LUCKY STIFF SCREENS AT PALM SPRINGS 2015 FILM FESTIVAL!
By Lika on January 15, 2015
Jack Lyons Theatre & Film Critic
“Lucky Stiff”, a cute musical farce written by Lynn Ahrens; adapted from Ahrens and Stephen Flaherty’s stage book-musical “Lucky Stiff”, is delightfully and deftly directed by Christopher Ashley (Yes, that Chris Ashley who is also the artistic director of the prestigious La Jolla Playhouse).
The newly adapted movie version revolves, in short, around a young down-and-out, mousey British shoe salesman Harry Witherspoon (a winning performance by Dominic Marsh) who takes his dead American Uncle (a sedated (?) live actor who mustn’t make a false move played by Don Amendola) – a murdered Vegas casino manager to Monte Carlo – for the best time of his life, even though he’s dead. Shades of “Weekend at Bernie’s”.
If Harry fulfills his uncle’s request to the letter of a week of fun, dancing, gambling and sun – naturally, with lithe, bikini-clad young lovelies – Harry will inherit $ 6 million left to him. If he doesn’t, the money will go to the Universal Dog Home of Brooklyn. Need I say more about the plot/synopsis? The fun is how they go about fulfilling all of the requirements and plot twists necessary to pull the job off, so to speak. That delicious task falls to the creative mind of director Chris Ashley who is blessed with a wonderful cast of solid professional farceurs led by Jason Alexander as Dr. Vinnie Di Ruzzio; Pamela Shaw as Rita LaPorta Vinnie’s sister and lover to Harry’s Uncle; Nikki St. James as Annabel Glick, the love interest of Harry/Marsh; Juliet Mills as Miss Thorsby; and the late Dennis Farina, both of whom turn in little cameo gems.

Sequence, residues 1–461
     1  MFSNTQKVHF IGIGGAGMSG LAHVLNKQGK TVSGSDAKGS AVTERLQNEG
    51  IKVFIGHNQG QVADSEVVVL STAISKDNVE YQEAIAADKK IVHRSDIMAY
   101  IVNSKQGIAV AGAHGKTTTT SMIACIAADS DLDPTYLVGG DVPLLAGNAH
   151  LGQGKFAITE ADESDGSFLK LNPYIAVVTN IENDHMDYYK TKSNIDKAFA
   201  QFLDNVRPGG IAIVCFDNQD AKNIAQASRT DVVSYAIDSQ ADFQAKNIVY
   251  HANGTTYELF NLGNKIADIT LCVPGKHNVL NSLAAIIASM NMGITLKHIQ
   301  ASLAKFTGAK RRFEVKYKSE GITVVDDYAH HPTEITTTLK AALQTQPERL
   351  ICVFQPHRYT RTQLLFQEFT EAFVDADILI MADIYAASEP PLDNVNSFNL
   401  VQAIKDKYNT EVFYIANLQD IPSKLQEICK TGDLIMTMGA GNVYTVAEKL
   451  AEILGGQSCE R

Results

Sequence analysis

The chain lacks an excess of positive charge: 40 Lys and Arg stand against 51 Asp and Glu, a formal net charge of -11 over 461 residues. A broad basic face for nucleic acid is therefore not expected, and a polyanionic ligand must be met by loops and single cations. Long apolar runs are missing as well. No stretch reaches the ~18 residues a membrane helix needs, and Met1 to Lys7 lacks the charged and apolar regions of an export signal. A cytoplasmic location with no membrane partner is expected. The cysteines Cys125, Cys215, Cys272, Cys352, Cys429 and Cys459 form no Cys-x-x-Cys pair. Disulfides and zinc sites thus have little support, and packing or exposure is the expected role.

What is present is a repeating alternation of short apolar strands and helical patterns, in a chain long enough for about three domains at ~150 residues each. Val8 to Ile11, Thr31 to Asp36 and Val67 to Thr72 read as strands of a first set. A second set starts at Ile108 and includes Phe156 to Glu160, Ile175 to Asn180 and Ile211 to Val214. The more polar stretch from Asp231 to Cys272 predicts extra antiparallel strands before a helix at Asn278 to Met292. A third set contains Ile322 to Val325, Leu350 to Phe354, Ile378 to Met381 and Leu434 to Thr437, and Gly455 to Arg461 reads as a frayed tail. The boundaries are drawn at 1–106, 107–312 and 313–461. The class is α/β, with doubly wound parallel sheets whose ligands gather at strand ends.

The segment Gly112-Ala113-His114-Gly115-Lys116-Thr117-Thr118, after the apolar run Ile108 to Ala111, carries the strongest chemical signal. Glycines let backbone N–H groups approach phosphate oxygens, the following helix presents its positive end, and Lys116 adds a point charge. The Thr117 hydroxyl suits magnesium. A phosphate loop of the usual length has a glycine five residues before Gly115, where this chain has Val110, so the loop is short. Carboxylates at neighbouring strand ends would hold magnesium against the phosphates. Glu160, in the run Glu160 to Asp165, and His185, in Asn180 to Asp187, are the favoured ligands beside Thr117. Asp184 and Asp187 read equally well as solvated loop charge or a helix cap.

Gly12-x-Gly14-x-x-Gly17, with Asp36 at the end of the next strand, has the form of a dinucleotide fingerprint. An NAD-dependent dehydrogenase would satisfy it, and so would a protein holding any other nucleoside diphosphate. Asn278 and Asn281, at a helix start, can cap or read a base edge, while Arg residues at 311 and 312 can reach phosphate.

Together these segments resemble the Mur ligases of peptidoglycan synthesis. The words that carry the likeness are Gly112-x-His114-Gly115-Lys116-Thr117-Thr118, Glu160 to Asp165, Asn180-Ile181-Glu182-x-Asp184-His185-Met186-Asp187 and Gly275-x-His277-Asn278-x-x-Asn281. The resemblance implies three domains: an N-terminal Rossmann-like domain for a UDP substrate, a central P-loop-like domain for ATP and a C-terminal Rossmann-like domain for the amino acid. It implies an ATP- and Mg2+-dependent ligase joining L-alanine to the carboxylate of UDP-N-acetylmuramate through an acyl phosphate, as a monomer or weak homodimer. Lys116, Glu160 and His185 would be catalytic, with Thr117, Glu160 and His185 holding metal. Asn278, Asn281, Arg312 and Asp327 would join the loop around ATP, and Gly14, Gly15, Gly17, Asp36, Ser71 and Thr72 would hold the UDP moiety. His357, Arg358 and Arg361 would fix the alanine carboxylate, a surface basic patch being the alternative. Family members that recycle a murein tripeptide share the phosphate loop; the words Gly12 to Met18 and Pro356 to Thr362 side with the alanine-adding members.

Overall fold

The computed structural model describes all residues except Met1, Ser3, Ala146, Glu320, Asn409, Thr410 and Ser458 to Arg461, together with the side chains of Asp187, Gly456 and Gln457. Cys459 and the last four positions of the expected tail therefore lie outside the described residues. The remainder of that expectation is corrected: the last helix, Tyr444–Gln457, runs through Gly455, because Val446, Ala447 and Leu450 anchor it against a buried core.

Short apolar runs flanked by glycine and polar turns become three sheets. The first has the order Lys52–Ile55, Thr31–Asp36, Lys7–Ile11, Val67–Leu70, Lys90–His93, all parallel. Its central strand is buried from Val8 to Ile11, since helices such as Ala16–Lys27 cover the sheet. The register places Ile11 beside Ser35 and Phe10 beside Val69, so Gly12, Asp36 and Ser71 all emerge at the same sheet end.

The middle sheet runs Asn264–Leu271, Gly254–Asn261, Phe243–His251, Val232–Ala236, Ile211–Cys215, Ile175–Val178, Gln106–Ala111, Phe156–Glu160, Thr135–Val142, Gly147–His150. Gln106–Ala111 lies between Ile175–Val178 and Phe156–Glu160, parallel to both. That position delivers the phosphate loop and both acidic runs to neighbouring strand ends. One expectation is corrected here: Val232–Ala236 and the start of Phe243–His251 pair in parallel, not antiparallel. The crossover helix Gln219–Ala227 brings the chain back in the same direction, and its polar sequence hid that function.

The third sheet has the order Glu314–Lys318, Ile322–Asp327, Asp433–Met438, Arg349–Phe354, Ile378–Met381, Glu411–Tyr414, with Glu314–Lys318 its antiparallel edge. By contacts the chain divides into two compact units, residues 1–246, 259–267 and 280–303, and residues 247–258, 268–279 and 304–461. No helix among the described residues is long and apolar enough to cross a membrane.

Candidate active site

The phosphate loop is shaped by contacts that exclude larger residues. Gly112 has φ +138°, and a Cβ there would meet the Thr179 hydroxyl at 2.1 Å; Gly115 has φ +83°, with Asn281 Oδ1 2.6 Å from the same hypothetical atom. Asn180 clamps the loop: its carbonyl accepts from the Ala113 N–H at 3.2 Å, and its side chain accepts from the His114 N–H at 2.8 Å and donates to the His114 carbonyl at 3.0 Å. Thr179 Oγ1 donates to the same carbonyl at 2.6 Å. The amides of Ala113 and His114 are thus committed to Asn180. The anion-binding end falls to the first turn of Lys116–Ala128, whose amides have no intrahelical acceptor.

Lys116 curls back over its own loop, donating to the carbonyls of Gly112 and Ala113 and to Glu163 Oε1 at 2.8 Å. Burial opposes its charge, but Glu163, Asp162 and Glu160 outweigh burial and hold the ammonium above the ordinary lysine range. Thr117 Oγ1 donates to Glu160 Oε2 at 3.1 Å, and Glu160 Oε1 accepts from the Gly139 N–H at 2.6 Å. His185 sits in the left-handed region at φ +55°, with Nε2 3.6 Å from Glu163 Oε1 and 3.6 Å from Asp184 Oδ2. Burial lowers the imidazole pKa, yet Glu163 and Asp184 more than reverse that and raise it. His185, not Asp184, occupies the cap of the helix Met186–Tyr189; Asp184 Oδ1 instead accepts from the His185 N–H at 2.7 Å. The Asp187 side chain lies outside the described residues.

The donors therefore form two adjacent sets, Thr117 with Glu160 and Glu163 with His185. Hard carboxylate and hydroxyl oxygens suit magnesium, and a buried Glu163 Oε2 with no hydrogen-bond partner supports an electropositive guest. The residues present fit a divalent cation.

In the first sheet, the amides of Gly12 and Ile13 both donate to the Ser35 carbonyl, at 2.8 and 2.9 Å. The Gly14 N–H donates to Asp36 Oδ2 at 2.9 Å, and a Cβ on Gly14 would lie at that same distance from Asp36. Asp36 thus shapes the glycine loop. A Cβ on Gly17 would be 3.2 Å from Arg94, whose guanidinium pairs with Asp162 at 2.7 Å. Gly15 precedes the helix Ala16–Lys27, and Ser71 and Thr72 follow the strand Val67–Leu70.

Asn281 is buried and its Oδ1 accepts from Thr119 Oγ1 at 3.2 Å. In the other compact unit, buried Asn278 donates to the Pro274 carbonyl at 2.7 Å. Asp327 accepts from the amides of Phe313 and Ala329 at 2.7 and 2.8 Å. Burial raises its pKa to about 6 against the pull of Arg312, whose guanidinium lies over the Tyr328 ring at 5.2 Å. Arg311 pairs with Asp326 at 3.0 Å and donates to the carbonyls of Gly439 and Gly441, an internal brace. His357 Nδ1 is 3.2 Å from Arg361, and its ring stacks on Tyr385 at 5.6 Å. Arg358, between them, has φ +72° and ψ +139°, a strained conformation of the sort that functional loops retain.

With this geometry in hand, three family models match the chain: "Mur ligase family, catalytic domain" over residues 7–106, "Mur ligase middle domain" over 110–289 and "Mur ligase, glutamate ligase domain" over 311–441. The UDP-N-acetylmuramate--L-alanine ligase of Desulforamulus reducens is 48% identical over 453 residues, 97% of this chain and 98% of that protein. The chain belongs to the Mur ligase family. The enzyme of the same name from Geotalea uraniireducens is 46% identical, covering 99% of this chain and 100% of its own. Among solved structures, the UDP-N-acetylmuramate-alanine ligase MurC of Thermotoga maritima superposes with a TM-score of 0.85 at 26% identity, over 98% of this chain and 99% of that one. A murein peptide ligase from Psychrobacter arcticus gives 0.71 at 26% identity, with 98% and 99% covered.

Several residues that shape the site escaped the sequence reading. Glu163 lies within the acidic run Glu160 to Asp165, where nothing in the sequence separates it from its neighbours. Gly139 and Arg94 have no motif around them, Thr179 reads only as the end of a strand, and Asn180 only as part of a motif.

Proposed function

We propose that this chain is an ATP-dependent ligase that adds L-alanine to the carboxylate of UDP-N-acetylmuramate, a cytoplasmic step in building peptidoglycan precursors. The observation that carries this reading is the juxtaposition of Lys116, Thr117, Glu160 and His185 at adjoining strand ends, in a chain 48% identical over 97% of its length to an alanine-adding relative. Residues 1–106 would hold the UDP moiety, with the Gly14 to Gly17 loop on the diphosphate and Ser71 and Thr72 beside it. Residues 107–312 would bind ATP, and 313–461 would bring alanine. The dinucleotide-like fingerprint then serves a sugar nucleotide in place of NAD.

I had the opportunity to chat briefly with both Ashley and Shaw concerning the making of the film during interviews at the PS Film Festival. Excerpts are from two separate interviews, one from Pam Shaw who explains how shy Dennis Farina was during the filming of their scenes. “He was such a warm sweet guy. Not the hard-boiled characters he played in dozens of TV and movie roles. “True, she continues, “he was a real-life Chicago Police Lieutenant before becoming a professional actor. But he was a well-liked colleague who will be sorely missed. I loved our scenes together.” In a moment of candor, her voice dropping a little lower, she says, “I have the privilege of sharing the last screen kiss with a wonderful actor, Dennis Farina.” Farina passed away not long after the film wrapped.